From the 1970s and into the 1990s, Kmart was a retail behemoth in the United States. Half department store, half discount destination, the chain was a great place for American consumers to go to get virtually anything — clothes, home decor, toys, VHS movies and music on tape, greeting cards, random tchotchkes, and over time, even food. At its peak in 1994, there were nearly 2,500 Kmarts throughout the country. But times have been tough since. Feeling pressure from Target, Walmart, and of course, the Internet, Kmart has gone through two bankruptcies and an ill-fated merger with Sears. Today, there are fewer than 100 Kmart stores remaining.
For consumers, losing Kmart wasn’t great, but it wasn’t a big deal — the competition was probably doing a better job. For something did seem lost forever: the music of Kmart.
If you were a Kmart shopper in the late 1980s and early 1990s — and, to be fair, this was true if you shopped at many other stores, too — you almost certainly got to experience the in-store radio network. Unless employees needed to make an announcement via the store’s public address system, guests were treated (or subjected to, depending on your taste) to what Vice described as “ephemeral muzak [ . . .] that was created [ . . . ] to keep shoppers from ever accidentally confronting silence.” For those of us who experienced the music first hand, that probably seems apt. For those who haven’t though, words alone can hardly do the music justice.
But thanks to a prescient former Kmart employee with an odd hobby, you don’t have to imagine what it sounded like. You can listen.
From 1989 to 1993, a guy named Mark Davis worked at the now-shuttered Kmart in Naperville, Illinois. A teenager working his first job, the music became a large part of his life — and one he wanted to hold onto. It turned out that the Kmart radio network wasn’t actually transmitted via radio — the music was sent to stores by the corporate headquarters on cassette tapes. And when new tapes arrived, the old ones often made their way to the trash. That’s when Davis stepped in, as he told NPR:
So it was my first job, and I was working for Kmart. And I was on the sales floor. And these songs rotated, like, every hour or two. And so you’re working a lot of eight hour shifts and weekends. You get to know these songs. You actually get to like the songs to a certain extent.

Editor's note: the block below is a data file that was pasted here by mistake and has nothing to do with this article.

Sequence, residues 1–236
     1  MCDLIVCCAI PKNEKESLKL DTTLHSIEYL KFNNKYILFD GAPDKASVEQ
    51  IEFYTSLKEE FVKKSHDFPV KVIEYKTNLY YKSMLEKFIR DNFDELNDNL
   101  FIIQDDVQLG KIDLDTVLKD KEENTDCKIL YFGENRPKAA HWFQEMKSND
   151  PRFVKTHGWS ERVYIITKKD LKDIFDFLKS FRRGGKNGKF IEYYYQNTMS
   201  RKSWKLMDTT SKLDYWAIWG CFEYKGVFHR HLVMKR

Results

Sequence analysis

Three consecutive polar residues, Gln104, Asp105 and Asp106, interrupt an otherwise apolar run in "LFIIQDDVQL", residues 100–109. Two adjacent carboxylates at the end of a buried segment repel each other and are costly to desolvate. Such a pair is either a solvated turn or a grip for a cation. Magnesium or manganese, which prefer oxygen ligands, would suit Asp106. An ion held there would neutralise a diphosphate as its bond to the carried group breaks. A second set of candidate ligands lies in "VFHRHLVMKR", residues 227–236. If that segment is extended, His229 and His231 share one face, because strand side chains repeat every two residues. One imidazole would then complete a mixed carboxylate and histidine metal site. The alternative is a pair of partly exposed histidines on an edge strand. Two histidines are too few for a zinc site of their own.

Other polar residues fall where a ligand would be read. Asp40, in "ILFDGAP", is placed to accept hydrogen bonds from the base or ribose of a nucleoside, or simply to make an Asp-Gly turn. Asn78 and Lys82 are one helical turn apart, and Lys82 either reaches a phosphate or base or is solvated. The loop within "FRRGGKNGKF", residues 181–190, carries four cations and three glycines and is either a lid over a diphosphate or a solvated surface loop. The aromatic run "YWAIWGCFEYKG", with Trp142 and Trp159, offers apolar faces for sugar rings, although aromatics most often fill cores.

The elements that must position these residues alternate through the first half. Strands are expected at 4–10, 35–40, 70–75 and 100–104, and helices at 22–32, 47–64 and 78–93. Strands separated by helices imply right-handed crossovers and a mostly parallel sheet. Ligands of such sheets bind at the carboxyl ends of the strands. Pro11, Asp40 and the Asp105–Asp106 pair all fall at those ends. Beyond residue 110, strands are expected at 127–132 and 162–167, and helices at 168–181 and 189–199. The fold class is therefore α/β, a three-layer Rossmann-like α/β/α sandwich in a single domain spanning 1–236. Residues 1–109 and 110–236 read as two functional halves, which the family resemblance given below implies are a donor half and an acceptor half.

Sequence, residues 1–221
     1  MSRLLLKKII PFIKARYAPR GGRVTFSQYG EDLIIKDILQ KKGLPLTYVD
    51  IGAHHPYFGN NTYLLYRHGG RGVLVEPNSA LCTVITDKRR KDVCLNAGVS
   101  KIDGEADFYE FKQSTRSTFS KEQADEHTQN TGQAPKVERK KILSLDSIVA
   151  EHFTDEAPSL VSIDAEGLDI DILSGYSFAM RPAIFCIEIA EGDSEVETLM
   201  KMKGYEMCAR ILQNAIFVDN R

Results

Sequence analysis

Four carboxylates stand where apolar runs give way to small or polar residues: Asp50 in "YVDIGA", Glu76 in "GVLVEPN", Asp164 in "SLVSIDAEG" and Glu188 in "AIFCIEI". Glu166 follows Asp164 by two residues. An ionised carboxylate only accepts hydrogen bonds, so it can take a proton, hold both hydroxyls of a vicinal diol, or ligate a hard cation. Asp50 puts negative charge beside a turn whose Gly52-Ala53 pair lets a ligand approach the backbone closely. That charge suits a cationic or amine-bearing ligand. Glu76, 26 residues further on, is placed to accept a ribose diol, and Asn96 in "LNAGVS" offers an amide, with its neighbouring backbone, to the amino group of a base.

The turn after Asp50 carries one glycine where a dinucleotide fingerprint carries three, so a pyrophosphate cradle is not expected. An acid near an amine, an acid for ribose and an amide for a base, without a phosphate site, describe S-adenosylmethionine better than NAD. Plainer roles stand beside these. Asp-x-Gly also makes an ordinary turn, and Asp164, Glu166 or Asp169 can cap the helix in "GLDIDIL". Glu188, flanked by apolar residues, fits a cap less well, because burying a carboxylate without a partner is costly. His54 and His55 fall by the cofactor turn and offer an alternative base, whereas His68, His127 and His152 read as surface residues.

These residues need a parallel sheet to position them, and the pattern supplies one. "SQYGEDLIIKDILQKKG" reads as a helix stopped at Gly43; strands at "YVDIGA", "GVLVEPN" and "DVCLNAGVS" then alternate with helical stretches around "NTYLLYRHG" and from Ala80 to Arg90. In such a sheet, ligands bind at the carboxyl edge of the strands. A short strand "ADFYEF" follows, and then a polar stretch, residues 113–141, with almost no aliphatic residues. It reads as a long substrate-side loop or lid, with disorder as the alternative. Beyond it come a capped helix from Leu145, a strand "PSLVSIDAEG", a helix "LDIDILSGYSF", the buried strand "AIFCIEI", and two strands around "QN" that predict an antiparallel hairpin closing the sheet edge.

So I had access to the service desk when I had first started. And I went behind to take a look at the sound system ’cause I’m a technical guy and wanted to see how it worked. And I noticed that it was November, and there was an October tape sitting there. So I decided to take it as kind of a memento to my first month working at Kmart. I continued this collection every month.
Over the course of his technically-thieving-but-really-who-cares tenure, Davis saved nearly five dozen cassettes from the literal dustbin of history. And then, twenty years or so later, he uploaded them to the Internet.
As Vice aptly summarizes, “Davis has inadvertently created an extremely valuable time capsule—one that suggests a bygone culture’s subconscious. Where most cultural time capsules focus on the highlight reel of an era, or the blooper reel, here lies something almost never documented: the unspeakably mundane.” And if you think that description of the music is unfair, you can judge for yourself. Davis’s full collection — augmented by some uploads from others who happen to have old Kmart recordings — can be found on the Internet Archive, here. (There’s probably more music than you can get through in a reasonable sitting, so if you need a place to start, try this generic April 1992 cassette.)
From the Archives: Targetting Crime: Kmart didn’t innovate as much as it needed to. Target, however, innovated so much, it became a crime lab.